Social Reality Mining

Social Behavior Predicts Spending Behavior

Human spending behavior is essentially social. This work motivates and grounds the use of mobile phone based social interaction features for classifying spending behavior. Using a data set involving 52 adults (26 couples) living in a community for over a year, we find that social behavior measured via face-to-face interaction, call, and SMS logs, can be used to predict the spending behavior for couples in terms of their propensity to explore diverse businesses, become loyal customers, and overspend. Our results show that mobile phone based social interaction patterns can provide more predictive power on spending behavior than personality based features. Interestingly, we find that more social couples also tend to overspend. Obtaining such insights about couple level spending behavior via novel social-computing frameworks can be of vital importance to economists, marketing professionals, and policy makers.

Relevant publications:

1. V. K. Singh*, L. Freeman*, B. Lepri, and A. Pentland, Classifying Spending Behavior using Socio-Mobile Data, ASE Human Journal, 2013.
2. V. K. Singh*, L. Freeman*, B. Lepri, and A. Pentland, Social Behavior Predicts Spending Behavior, ASE/IEEE Social Computing conference, (SocialCom, 2013).
(* denotes equal contribution)
A short video presentation is available at the Social Physics website.

Influencing Behavior Change via Trusted Ties

We present a case study on how trust, an important building block of computational social systems, can be quantified, sensed, and applied to shape human behavior. Our findings suggest that: 1) trust can be operationalized and predicted via computational methods (passive sensing and network-analysis), and 2) trust has a significant impact on social persuasion; in fact, it was found to be significantly more effective than the closeness of ties in determining the amount of behavior change1.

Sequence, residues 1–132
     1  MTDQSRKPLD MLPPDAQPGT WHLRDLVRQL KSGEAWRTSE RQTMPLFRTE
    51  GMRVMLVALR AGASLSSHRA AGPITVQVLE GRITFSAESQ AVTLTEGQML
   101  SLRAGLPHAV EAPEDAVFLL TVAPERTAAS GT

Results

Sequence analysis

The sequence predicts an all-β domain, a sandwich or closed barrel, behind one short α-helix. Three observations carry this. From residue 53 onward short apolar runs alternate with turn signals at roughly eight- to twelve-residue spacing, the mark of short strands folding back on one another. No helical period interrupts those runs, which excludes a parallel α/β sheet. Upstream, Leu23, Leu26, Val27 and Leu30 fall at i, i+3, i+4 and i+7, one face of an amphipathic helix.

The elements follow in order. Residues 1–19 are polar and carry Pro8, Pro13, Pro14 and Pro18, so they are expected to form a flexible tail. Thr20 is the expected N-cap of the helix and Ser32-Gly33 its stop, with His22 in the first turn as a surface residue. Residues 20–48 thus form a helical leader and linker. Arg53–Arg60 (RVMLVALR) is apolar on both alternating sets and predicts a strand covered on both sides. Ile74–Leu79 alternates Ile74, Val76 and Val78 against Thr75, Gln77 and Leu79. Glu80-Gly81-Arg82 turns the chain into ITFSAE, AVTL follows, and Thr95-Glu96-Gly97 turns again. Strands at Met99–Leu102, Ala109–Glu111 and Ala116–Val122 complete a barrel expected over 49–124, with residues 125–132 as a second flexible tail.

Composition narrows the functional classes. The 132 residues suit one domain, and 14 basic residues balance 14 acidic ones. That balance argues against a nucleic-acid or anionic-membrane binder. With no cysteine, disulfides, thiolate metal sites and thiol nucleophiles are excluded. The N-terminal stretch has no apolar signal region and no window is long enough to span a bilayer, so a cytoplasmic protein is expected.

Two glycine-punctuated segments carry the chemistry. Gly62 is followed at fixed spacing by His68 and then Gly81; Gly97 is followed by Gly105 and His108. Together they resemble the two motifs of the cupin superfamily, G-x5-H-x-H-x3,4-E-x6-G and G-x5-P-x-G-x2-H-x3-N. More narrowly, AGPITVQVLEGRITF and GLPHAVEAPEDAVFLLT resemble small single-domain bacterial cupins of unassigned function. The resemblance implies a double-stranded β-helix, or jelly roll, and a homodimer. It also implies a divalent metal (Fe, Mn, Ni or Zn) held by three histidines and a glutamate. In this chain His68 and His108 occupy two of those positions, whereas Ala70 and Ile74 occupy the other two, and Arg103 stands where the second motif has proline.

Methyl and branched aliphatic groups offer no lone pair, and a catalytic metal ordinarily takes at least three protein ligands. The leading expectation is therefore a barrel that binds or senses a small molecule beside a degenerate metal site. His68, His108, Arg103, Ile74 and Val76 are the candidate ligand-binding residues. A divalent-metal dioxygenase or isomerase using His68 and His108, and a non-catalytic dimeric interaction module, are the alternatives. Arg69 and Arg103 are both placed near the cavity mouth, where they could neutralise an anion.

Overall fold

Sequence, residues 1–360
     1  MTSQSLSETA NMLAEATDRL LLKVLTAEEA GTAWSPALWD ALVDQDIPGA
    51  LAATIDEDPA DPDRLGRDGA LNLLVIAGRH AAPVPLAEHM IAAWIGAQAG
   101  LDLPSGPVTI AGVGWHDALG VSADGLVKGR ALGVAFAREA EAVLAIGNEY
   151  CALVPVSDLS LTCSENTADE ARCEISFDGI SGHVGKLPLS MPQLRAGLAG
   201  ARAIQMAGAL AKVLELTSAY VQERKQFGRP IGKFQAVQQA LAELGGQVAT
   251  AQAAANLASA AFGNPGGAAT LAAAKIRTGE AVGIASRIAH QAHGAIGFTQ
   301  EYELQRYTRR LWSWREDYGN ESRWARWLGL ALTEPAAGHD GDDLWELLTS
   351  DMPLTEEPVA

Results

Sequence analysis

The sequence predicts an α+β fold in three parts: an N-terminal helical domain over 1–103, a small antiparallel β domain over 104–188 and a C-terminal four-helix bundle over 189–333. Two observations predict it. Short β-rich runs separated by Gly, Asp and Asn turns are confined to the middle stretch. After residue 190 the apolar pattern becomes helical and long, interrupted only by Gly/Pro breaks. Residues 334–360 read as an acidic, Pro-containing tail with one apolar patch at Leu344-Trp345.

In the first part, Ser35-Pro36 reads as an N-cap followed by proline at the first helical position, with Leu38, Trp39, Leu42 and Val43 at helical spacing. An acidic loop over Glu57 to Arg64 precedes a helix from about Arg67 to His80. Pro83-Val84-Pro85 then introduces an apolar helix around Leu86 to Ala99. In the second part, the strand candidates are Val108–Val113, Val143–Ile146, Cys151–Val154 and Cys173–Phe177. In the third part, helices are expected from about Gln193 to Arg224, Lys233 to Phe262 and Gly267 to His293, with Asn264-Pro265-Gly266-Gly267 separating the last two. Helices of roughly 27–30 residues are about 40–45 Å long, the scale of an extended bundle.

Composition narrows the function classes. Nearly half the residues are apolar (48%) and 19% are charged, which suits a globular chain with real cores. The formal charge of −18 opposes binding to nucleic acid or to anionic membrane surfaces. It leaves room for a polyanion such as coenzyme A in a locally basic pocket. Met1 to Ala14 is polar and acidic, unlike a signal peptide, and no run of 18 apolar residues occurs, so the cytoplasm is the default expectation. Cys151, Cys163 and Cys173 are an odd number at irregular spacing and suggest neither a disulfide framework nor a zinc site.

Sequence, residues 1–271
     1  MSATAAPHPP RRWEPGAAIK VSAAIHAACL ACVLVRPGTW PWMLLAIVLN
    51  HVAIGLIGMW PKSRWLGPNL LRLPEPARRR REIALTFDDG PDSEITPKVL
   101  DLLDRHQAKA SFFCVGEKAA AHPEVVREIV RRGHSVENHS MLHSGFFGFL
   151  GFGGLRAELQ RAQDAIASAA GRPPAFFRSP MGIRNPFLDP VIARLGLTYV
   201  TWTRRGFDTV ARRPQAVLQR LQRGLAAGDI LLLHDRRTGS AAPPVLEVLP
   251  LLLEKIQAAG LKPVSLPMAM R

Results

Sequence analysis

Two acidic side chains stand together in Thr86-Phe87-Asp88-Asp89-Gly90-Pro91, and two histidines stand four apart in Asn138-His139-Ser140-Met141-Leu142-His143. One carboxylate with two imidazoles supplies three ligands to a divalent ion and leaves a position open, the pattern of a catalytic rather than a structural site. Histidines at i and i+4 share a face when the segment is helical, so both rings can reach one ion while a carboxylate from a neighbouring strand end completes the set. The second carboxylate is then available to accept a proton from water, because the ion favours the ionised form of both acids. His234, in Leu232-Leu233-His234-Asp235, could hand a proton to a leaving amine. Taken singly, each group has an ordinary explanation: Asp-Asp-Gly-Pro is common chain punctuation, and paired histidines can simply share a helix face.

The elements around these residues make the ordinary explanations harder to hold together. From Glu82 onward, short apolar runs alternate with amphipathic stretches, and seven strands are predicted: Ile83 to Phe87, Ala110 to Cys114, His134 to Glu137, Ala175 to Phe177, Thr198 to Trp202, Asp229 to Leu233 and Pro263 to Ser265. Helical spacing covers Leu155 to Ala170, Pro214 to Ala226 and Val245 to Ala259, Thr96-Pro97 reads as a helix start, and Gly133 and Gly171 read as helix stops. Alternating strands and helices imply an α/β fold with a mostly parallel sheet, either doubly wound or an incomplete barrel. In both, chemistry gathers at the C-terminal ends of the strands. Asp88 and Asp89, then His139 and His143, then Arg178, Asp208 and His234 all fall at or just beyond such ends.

Relevant publications:

1. V.K. Singh, E. Shmueli, B. lepri, A. Pentland, Sensing, understanding, and shaping human behavior, IEEE Transactions on Computational Social Systems,2013 (Under submission). * indicates equal contribution.

Social Behavior Predicts Happiness and Productivity

Can social behavior measured via mobile phones be used to predict happiness and productivity levels in a community. What factors are most significantly correlated with happiness levels? Look out for more details coming soon.

Relevant publications:

1. V. K. Singh, P. Krafft, and A. Pentland, Predicting Happiness using Socio-Mobile Data, Symposium on Success, Ignite talk, ISQSS, Harvard University, 2013.